Second, shop the perimeter. Even in stores with limited fresh produce, the better foods will be along the outside edges and the middle comprised of mostly processed foods.
Sure people want to get the most for their limited food dollars, but you’re not getting nutrition from processed food! Maximizing your food dollars means maximizing nutrition, not calories. Given that more than 60% of the American population is overweight or obese, clearly we don’t need more calories!
Keep in mind that canned and frozen fruits and vegetables (without added sugar) are better than nothing. Fresh is always best, to be sure. However, better food choices will crowd out the junk until there just isn’t room for it in your diet.
Look for beans. Canned will work, but dried is cheaper and healthier. No time for beans? Fine. Go with split peas, lentils, and brown rice. I’ve even got a cooking method that takes mere minutes and will be ready when you get home from work!
Before breakfast, cover your lentils and/or rice with double the water (2 c. water to 1 c. grains) and bring it to a boil on the stove. While they come to a boil, preheat the oven to 350. When they’ve reached a boil, turn the stove off, and put the pan in the oven (or transfer to a covered dish if your pans aren’t ovenproof).
Turn the oven off, and allow them to cook while you’re gone. The heat inside the oven should cook them completely without it being on, so when you get home all you need to do is add any seasonings you love (we like chili powder and cumin, along with a little salt and cayenne pepper).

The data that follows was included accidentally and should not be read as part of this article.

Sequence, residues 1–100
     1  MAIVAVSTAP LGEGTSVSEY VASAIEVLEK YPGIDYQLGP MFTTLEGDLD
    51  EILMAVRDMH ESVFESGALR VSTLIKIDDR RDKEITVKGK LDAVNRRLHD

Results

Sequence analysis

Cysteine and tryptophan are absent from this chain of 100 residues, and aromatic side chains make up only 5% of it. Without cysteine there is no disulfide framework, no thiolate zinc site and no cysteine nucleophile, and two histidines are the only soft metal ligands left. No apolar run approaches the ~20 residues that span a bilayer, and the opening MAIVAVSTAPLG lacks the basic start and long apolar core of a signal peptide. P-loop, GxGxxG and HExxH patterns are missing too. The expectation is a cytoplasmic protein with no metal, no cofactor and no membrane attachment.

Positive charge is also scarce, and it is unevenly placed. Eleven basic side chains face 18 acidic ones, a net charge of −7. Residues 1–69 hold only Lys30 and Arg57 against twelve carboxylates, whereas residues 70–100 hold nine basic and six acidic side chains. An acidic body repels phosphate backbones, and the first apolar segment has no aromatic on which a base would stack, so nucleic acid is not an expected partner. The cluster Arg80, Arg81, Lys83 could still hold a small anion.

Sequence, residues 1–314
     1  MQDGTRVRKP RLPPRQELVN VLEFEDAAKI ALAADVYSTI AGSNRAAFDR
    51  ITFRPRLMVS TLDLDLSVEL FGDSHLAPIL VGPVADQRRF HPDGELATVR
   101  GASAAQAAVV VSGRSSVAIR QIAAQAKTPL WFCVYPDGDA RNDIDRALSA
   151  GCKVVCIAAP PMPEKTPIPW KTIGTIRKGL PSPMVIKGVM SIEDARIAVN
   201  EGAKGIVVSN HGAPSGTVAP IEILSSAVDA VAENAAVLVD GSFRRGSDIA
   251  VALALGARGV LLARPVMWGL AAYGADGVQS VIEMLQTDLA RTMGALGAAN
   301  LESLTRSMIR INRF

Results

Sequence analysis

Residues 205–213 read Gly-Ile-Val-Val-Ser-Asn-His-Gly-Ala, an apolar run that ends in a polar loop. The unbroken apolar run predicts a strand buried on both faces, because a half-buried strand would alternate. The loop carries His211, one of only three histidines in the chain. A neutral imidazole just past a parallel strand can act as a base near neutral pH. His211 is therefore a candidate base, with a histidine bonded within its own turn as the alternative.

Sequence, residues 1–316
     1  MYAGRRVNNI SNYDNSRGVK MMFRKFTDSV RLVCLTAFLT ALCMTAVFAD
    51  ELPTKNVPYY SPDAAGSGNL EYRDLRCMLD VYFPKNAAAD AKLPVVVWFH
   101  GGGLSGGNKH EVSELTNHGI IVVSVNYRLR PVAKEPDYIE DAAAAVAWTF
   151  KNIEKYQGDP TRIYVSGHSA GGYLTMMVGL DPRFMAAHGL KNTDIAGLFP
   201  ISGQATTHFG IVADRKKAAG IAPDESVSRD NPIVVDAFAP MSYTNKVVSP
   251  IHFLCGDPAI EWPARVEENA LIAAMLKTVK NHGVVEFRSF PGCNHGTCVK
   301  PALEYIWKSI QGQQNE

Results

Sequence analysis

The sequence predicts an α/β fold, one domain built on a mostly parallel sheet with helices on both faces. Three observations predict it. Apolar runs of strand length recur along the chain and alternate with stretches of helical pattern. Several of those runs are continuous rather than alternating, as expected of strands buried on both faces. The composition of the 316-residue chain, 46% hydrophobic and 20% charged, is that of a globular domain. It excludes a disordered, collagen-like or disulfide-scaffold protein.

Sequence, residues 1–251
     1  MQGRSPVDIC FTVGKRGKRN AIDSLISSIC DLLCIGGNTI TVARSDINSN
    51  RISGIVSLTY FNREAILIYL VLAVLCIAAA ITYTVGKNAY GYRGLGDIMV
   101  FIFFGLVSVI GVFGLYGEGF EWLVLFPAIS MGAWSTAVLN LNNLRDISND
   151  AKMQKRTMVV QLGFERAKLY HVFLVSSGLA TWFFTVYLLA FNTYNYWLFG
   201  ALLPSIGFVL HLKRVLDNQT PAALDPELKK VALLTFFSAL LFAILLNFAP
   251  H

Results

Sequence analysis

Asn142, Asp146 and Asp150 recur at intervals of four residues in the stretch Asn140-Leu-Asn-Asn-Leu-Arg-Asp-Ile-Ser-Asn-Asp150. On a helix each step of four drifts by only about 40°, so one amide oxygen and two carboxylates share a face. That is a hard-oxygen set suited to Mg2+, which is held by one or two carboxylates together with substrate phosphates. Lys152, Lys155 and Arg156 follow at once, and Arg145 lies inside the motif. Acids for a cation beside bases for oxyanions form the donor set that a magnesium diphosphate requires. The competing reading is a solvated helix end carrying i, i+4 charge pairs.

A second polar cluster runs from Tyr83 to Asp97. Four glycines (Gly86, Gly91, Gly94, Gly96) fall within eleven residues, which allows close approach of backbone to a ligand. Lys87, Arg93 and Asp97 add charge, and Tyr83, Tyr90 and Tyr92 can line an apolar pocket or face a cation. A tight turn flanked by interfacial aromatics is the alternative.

A Few Final Ideas
Skip the fast food! If you must eat it occasionally, go with a single burger and a side salad or a bowl of soup. Most fast food outlets offer a side salad or a baked potato for the same price as french fries. Skip the soda and get a water. Is it as pleasurable? Not at first. But when we begin to see food as fuel, we see that these choices are better for our bodies.
If your budget is tight, check out Hillbilly Housewife. She’s got frugal recipes to feed the whole family. The site even gives daily calorie ranges for the meals to ensure that everyone is getting their basic needs met!
Also look into Angel Food Ministries. They offer pickup at many local churches and provide fresh food. They also accept food stamps, which is unusual for a group of this type. The website offers recipes for how to best use their food.
While there are certainly no easy answers, the food desert is navigable. If we as a nation want to stem the obesity epidemic, there is no other option than to start where we are, and to start now. Join me in bringing life to the food desert in whatever way you’re able!